Fiscal consolidation cannot be postponed any longer April 26, 2024

The uncertainty in the global economy and the security situation make it harder than usual to forecast the future performance of the Estonian economy. The recovery in growth in the Estonian economy has been delayed as foreign demand remains weak. Initial data show the recession in 2023 was deeper than expected, and the Ministry of Finance, like other forecasters, predicts that growth will only return to the economy in 2025.

The Fiscal Council endorses the spring economic forecast of the Ministry of Finance, which shows the Estonian public finances facing great difficulties. The Ministry of Finance considers that the budget deficit of the general government will reach as much as 5% of GDP, and public debt will continue to grow fast. Such fiscal policy course may hurt the stable development of the Estonian economy, and breaks the fiscal rules.

Estonian fiscal policy stance has been supportive since 2020, as state budgets have been planned with a large deficit. General government debt is now 5 billion euros larger than it was before the pandemic. The Fiscal Council considers that the cyclical position of the Estonian economy may be stronger than assumed by the Ministry of Finance, and so fiscal consolidation should not be postponed any longer.

Estonia may already face an excessive deficit procedure (EDP) from the European Union this spring, because the deficit in 2023 was larger than 3% of GDP. The spring forecast projects that the deficit will exceed 3% of GDP again this year. Opening the EDP may lead to reputational damage for the Estonian economic environment, as the country has long been known for its sound public finances. The Fiscal Council considers it important that the budget deficit be reduced starting from this year.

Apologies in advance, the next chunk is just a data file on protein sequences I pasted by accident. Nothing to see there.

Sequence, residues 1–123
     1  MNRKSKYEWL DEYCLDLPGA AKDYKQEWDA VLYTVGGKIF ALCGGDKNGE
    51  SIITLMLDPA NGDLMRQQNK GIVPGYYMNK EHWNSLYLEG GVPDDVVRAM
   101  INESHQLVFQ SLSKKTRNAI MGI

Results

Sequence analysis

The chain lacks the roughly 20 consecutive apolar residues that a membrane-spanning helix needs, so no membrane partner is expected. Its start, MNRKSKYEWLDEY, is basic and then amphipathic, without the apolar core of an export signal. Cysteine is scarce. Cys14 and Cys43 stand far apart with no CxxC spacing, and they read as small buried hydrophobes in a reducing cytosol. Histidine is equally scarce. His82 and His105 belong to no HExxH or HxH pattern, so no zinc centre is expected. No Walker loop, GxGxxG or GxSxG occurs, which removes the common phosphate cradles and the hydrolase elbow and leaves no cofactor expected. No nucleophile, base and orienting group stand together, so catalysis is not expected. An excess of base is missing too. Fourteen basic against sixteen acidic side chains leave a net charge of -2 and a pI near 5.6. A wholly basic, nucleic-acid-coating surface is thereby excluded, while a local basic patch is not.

The spring forecast does not take account of the revenue and expenditure measures that have not yet come into effect and that the government announced in autumn 2023. The Ministry of Finance estimates that if they are taken into account, the budget deficit in 2025 will not exceed 3% of GDP, and will continue to decline in later years. There unfortunately remains a lot of uncertainty about whether the measures in the budget strategy will actually come into effect. The Fiscal Council recommends that the government clarify how it will start to reduce the budget deficit, and which measures have by now been abandoned.

Overall the Fiscal Council considers that the spring forecast of the Ministry of Finance together with its various scenarios is a suitable base for building the government’s stability programme on, and for setting demanding fiscal targets for the next four years. The Fiscal Council recommends that when the targets are set, it should be remembered that the current budget deficit is of a permanent or structural nature. This means that achieving balance in the budget will require deliberate decisions about the state’s revenue and expenditure policies, and not just a return to growth in the economy.